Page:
In the 1980s, Honda and tuner Mugen wanted to offer buyers a spicier variant of the CRX without resorting to dropping a bigger engine between the coupe’s fenders. Pilot Parker Johnstone helped identify the areas that could be improved, and the two companies unveiled a prototype in 1984. The hot-rodded CRX gained a redesigned cylinder head, a limited-slip differential, an improved intake system, and a free-flowing exhaust system. The transformation also brought a full body kit, specific alloy wheels, and over half a dozen Mugen Power emblems tacked on for good measure.
The CRX stayed at the prototype stage, much to the chagrin of enthusiasts forced to take the matter into their own hands, and it remains in Honda’s collection as of 2019. The Japanese firm later applied the lessons it learned from this exercise in tuning theory to Si- and Type R-badged members of its line-up.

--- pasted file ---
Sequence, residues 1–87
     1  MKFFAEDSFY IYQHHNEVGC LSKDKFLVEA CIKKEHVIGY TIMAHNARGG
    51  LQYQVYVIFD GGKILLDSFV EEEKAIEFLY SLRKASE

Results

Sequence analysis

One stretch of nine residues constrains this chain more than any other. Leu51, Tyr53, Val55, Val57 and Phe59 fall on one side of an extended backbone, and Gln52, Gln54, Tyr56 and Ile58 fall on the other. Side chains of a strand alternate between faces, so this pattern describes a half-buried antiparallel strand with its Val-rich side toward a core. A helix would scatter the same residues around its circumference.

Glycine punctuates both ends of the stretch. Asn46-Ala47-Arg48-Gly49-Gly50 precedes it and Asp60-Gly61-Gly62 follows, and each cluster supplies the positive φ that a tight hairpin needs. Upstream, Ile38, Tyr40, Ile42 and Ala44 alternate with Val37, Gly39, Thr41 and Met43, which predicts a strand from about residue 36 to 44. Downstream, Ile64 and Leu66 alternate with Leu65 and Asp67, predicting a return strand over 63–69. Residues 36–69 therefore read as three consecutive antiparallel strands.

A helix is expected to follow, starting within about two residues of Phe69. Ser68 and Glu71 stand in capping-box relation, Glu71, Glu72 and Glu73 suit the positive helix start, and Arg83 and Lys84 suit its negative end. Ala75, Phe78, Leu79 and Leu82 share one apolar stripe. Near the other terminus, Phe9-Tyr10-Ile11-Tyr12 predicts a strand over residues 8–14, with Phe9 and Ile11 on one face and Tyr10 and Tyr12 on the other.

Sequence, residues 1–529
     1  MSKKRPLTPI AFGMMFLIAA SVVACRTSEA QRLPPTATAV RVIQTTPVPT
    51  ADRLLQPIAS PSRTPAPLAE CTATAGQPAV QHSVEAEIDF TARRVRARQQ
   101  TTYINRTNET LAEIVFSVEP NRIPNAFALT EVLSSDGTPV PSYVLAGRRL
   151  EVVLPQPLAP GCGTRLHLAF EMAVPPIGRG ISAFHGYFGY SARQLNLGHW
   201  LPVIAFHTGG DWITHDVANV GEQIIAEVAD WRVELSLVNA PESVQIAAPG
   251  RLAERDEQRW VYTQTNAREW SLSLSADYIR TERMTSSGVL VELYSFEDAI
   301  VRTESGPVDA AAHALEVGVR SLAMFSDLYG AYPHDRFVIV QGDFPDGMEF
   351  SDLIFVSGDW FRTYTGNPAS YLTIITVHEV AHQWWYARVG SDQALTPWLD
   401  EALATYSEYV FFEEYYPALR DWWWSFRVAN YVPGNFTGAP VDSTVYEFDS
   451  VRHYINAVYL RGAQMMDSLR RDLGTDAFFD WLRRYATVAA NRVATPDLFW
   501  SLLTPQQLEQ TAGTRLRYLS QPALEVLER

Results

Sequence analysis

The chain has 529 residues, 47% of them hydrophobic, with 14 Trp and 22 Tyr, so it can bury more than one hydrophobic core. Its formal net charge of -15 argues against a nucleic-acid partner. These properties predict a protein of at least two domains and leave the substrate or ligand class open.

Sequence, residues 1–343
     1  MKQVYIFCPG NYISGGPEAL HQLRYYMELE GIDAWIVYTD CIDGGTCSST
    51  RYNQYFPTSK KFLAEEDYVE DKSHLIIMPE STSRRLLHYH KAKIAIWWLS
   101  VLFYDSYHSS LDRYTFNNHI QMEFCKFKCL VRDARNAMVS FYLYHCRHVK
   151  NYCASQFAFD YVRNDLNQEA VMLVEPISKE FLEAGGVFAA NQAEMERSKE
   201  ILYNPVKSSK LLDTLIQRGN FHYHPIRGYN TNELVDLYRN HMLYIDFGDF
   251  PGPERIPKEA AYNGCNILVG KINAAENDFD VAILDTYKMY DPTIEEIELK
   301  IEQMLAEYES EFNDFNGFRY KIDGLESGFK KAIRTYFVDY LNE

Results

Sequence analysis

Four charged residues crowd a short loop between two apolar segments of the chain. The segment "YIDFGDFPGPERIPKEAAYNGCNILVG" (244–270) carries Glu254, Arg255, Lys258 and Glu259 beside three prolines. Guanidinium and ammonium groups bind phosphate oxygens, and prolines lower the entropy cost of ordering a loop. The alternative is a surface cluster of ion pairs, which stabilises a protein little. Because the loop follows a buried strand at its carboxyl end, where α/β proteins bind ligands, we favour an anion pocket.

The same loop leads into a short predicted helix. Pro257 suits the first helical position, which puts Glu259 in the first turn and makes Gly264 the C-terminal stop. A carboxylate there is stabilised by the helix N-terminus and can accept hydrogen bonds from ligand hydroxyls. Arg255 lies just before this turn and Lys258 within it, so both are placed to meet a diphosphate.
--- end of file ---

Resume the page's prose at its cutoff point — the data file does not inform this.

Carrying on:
1986 Subaru XT GL-10
All it takes is one look in a sales catalog from the early 1980s to understand the impact the XT had on the Subaru range when it made its debut in 1985. The Japanese firm offered two-door cars, but they were nearly as utilitarian as their four-door counterparts. The XT proudly broke with tradition by putting a bigger focus on performance, design, and technology than any Subaru before it. It laid the foundation for the performance models that defined the firm’s image during the 1990s.